'It is like going on a date. . . you don't know much about them at first'
Drumcondra-based mum-of-two Aisling Dalton sees the humorous side of becoming a new mother and all that goes with it.
"It can be a bit weird making new friends. My husband says it is like going on a date with someone. You don't know who they are or much about them at first."
Making the first move can be difficult. "You don't want to ask someone do they want to come over to your house in case they think you are a psycho," Aisling laughs.
"For new mothers, I would recommend meeting in a neutral venue like a coffee shop. At the initial meeting you really form your opinions."
Aisling is kept busy with her two daughters Isabella (two) and Ava (four) but found the transition to motherhood a big change from working in a large accountancy firm.
"I was the first out of my school friends to have a baby. I had no baby friends. There was one girl at work who had a baby at the same time. She lived on the southside so we used to ring each other every day. It was a lifeline. We would talk about feeding and if we had managed to get dressed that day!"
Becoming a mother has hidden advantages and can often make you better at making new friends.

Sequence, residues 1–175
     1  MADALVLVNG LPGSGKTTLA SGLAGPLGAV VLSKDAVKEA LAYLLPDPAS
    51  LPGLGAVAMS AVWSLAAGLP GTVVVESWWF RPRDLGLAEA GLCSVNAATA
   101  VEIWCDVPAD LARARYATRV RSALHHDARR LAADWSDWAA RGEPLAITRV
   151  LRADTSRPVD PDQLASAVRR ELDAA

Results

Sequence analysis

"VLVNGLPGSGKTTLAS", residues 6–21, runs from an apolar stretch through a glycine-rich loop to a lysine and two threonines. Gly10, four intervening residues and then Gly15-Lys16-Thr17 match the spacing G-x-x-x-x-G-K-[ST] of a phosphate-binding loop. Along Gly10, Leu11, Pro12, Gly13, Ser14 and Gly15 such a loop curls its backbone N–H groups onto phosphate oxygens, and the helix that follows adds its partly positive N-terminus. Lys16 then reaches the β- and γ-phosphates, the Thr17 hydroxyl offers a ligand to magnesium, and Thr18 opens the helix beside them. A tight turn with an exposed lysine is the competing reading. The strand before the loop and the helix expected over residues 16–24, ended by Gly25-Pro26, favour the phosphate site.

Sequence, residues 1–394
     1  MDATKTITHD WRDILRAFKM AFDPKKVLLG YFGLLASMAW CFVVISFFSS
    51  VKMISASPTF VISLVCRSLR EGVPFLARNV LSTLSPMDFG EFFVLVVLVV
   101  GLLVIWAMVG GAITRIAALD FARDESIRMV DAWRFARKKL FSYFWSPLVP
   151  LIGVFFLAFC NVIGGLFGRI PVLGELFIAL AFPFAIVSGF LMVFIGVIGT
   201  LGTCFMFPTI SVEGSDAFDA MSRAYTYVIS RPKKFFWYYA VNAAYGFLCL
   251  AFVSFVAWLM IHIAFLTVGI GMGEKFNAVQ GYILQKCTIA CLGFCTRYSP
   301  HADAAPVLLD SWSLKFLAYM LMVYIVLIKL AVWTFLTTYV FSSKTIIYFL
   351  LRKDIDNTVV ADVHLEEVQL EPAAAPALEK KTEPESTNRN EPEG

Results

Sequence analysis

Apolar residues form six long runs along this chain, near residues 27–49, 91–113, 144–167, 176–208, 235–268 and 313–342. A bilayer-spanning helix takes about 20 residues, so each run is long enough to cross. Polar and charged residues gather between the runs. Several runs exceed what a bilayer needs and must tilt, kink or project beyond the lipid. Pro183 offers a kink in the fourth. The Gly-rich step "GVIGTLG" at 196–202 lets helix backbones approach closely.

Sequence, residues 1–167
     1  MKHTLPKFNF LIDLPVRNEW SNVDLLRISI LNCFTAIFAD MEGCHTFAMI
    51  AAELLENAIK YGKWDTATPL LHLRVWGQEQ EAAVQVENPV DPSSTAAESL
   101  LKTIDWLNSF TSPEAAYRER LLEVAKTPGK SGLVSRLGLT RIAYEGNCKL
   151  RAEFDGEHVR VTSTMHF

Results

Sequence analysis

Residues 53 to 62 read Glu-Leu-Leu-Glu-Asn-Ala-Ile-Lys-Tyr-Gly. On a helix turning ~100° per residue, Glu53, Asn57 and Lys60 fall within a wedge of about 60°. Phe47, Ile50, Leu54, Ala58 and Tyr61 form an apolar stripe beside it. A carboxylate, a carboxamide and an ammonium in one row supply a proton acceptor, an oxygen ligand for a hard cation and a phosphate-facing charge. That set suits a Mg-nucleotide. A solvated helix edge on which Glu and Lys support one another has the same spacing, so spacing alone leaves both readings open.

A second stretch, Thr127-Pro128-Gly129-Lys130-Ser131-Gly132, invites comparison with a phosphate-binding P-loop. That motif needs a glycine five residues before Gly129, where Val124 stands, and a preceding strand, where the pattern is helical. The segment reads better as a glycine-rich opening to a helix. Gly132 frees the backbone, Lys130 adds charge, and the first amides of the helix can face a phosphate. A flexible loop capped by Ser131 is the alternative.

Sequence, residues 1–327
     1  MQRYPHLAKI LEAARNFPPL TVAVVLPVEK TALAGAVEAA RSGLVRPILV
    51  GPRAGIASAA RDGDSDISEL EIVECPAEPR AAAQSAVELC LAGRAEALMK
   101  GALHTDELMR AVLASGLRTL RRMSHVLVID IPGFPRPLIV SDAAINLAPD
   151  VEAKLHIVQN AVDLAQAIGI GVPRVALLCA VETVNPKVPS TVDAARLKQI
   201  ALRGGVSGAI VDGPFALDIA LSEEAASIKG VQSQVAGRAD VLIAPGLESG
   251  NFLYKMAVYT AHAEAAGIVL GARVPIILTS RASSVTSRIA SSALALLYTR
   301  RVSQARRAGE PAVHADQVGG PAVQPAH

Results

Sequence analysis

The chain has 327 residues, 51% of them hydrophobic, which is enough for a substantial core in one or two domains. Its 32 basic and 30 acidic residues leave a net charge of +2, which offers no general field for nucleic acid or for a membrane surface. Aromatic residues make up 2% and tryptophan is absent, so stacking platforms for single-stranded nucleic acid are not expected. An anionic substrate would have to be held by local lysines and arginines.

"After I had Ava the visitors died down after a while and there weren't a lot of people around. I joined a playlab in Marino and made some really good friends. There is one friend I am still in contact with regularly. You really have to make an effort to be more open and meet people."
Aisling now has two groups of friends who happily coexist. "I made totally different friends when I became a mother. I have my old friends and my mammy friends."
She agrees meeting new people can sometimes lead to tricky situations.
"Parenting can be competitive. I remember going to one parenting group and when I told a mum I didn't breastfeed she just looked at me and walked off.
"I have met lots of lovely people and we will probably be friends for life. It is lovely to have that common ground of motherhood."
Health & Living